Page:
E. Robledo

Traveling Exhibition: Mexican Roots

Masks, Prints and Traditional Arts of Mexico​

Mexican Roots, a gateway into the extraordinary world of Mexican popular art, offers a unique perspective. Uninhibited expression, vibrant colors, and a dreamy aesthetic reflect the soul and creativity within Mexican cultures and traditions. Through a diverse blend of masks, prints, and sculpture, Mexican Roots delves into the fascinating collision and fusion of European and indigenous worlds. This fusion, forming the incredibly unique Mexican folk art traditions, is a captivating journey of cultural exchange and adaptation. 

 Despite the upheavals of conquest and Christian conversion, native Mexicans have managed to maintain a strong connection to their traditions and beliefs. The fusion of European culture into their practices, mythologies, and artwork is a testament to their ability to adapt and evolve. These popular art traditions, deeply rooted in pre-Hispanic times, have been passed down through families for centuries, serving as a bridge between the past and the present. Village artists, across successive generations, continue to explore themes in Mexican popular art that resonate with those of pre-conquest times. The enduring subjects of plants, animals, mythology, and death serve as a reminder of this unbroken continuity.

As a vibrant complement and contrast to the collection of masks and prints, the exhibit presents a kaleidoscope of Mexico’s most renowned popular 3D art forms by many noted artists. Ceramics, woodcarving, and cartoneria are just a glimpse into the rich tapestry of work, each form unique in its expression and technique, yet all deeply rooted in the Mexican artistic tradition.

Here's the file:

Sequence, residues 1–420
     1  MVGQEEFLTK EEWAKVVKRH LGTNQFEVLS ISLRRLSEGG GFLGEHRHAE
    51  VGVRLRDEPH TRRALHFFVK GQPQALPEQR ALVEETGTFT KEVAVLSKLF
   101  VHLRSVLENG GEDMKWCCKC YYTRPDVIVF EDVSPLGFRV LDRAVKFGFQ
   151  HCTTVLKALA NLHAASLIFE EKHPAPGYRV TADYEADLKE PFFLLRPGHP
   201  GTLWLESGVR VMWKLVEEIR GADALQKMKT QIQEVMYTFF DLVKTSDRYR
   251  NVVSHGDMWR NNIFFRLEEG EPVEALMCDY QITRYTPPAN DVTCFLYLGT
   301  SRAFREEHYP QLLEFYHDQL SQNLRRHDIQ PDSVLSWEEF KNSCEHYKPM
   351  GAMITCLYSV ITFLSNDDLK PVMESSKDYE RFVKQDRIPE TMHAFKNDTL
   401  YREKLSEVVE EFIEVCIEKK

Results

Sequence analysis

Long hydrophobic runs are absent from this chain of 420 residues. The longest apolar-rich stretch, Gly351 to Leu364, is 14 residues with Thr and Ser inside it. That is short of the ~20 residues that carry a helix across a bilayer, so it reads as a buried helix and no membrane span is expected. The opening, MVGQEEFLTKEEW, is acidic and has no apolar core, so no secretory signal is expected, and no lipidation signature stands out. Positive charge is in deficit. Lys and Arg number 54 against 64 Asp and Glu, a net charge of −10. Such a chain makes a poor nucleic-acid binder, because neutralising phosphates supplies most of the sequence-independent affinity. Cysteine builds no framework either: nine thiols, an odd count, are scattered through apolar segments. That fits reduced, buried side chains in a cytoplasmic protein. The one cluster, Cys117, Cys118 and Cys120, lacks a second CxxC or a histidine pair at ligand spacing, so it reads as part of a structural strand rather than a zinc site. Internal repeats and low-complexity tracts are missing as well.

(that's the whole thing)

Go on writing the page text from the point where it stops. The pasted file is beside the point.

E. Robledo
D. Castillejos


– The tradition of Masks in Latin America

– Mexican Masks 

– Printmaking in Mexico & Oaxaca 

– Tecuanes masks of Zitlala 

– Barbones masks 

– The tastoanes of Tonala 

– Diablo masks of Michoacan 

– Alebrijes of Oaxaca 



– 1,500-2,500 sq. ft. 

– 8-10 foot minimum ceiling height recommended 

– Recommended 2 month minimum rental 


Affordable rates with transportation included; please inquire.



– Lights and barriers

– Translation of text and panels if necessary

– Equipment required for access, installation and dismantling

– Storage facilities for transport cases

– Promotion and publicity

– Staffing during exhibition run

The Tradition of Masks in Mexico and Latin America

Over 75 masks, each with a unique story, were selected to illustrate the rich tradition of masks and festivals in Mexico. These festivals, integral to Mexican religious and social life since pre-Hispanic times, are a testament to the country’s rich history. Like other popular art media, masks and festivals now contain a fascinating blend of Christian and pre-Hispanic themes and icons, reflecting the cultural evolution of Mexico. Moreover, the mask in contemporary Mexican culture has evolved beyond its traditional role, becoming a popular art subject increasingly admired outside of festivals and ceremonies. Mexican Roots also explores the mask as an art form, presenting powerful examples of wood, clay, and Cartoneria (paper mache) from some of Mexico’s leading artists, who continue to honor and preserve this rich tradition.

Mexican Roots
Mexican Roots
Printmaking in Mexico

One of the most unique aspects of Mexican Roots is the combination of prints with popular art. Prints, often overlooked as popular art, are in fact the epitome of it. In Mexico, prints have a rich history as’ art for the people,’ a testament to their accessibility and inclusivity. Printmakers such as Jose Guadalupe Posada and Manuel Manilla gained widespread recognition for their work in penny papers, further cementing the connection between art and the masses.

Alongside the historic prints, the exhibit offers a fascinating exploration by contemporary printmakers. These artists delve into the profound European impact on Mexico’s indigenous cultures. Their depictions of masks, nature, and religion serve as a visual testament to this ongoing cultural conversation.